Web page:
St Peter's College Information Booklet for Senior School
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St Peter’s College Information Booklet for Senior School Our Senior School At St Peter’s College every boy is celebrated and honoured for his uniqueness. To achieve this, we believe in an holistic approach to education: we are educating minds, building healthy bodies and nourishing spirits.
Contents Message from the Headmaster 02 01 Introduction03 Wellbeing04 Positive Education 05 Academics07 ICLT09 Keystone and eSmart 11 Boarding12 Outdoor Education 13 Timetable14 Checklist15 Road Safety Procedures 16 School Fees and Buses 17 Key contacts for the Senior School 18 Frequently Asked Questions 19 Map 20
Message from the Headmaster 02 The staff, students and I look forward to welcoming Our internationally recognised whole-of-school you and your family into the School in 2019. approach to wellbeing means that every staff member understands that developing a student’s At St Peter’s College we believe in a holistic character is as important as fostering his intellect approach to education. We are educating minds, and I encourage you to take advantage of building healthy bodies and nourishing spirits. opportunities to learn more about our positive We achieve this through our strong, inclusive education and wellbeing programs. This will enhance Anglican ethos, through the delivery of a robust the close partnership we enjoy between student, academic curriculum, and through the diverse parent and teacher that enables every student to range of co-curricular activities that embrace a wide fulfil his potential. variety of sports, outdoor education, the creative and Mr Tim Browning, performing arts. We have a long tradition of success I hope that you will find the information contained Headmaster. in providing a truly rounded education that prepares in this booklet a helpful guide that will address students to seize the opportunities and manage the questions you may have as you prepare to join uncertainties that inevitably lie ahead. the School. The staff, students and I stand ready to make the transition into Saints as seamless as ‘Pushing the Boundaries’ is a well-researched possible for you. outdoor education program designed to enrich the students’ spirit and broaden the depth of their Please do not hesitate to make contact with the experiences within a natural environment. I ask each School if you need further clarification. student to embrace this experience to develop his personal attributes of courage, grit, determination, We look forward to seeing you soon. passion, endurance, commitment and integrity. You can be confident that in coming to St Peter’s College you have chosen a school where we have outstanding teachers who understand the specific needs of students, and where students are allowed to be themselves. Each student is nurtured and cherished for the contribution he makes to the broader School community. We take pride in really knowing each student in the School and we value every individual and his unique qualities. We understand how best to encourage him to discover and develop his gifts, talents and true strength of character.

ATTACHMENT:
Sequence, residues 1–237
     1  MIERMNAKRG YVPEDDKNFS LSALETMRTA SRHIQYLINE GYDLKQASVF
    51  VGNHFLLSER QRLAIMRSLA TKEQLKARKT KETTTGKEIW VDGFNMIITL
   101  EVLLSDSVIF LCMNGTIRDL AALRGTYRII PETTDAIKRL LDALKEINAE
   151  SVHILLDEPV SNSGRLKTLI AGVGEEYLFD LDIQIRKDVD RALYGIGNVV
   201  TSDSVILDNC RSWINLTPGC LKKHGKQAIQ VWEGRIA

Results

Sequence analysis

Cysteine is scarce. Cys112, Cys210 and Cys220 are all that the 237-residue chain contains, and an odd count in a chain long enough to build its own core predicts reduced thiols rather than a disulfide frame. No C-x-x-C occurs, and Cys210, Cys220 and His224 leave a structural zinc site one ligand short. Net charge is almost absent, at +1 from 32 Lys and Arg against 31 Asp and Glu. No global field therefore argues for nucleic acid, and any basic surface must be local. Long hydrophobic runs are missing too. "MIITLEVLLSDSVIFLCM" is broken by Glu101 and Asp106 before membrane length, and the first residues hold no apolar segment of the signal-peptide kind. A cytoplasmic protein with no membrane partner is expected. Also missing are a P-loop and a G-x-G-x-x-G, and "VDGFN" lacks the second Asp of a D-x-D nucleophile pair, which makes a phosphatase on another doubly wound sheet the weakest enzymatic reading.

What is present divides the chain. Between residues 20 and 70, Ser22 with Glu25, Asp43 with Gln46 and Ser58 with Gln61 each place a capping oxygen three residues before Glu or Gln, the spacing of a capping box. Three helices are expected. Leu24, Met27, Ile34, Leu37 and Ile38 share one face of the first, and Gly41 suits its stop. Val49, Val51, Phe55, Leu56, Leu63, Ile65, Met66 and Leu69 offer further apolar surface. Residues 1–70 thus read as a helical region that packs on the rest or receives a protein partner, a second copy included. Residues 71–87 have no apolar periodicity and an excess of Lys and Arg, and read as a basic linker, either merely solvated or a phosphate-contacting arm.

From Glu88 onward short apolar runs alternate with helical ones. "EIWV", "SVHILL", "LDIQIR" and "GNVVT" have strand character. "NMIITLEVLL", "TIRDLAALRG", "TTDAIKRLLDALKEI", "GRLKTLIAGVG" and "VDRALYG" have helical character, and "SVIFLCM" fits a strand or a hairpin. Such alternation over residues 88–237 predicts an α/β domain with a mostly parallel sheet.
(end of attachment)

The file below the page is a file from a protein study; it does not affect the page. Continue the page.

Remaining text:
Introduction Vision Values 03 Our vision is to be a world-class school where all Our values are central to enabling us to achieve students flourish. our vision and mission. Our values underpin our behaviours. Mission They inform how we interact with each other and Our mission is to provide an exceptional education engage with our local and international communities. that brings out the very best in every student. • Building lifelong commitment to serve others. We do this within an intellectually and spiritually rich environment that nurtures international-mindedness, • Building leadership capability. intercultural understanding, respect and a • Celebrating the uniqueness of each student. commitment to social justice. • Celebrating accomplishment. Impact • Developing emotional maturity. We build great men: • Developing lifelong learning, engagement, • who believe safety, service and integrity are meaning, and purpose. fundamental parts of their lives; • Embracing creative potential. • who are active members of socially and culturally diverse communities; • Fostering honesty, integrity, and wellbeing. • who engage in political, ethical, and • Honouring diversity. environmental challenges as good citizens. • Valuing teamwork, collaboration, and communication. • Unlocking individual virtues and strengths.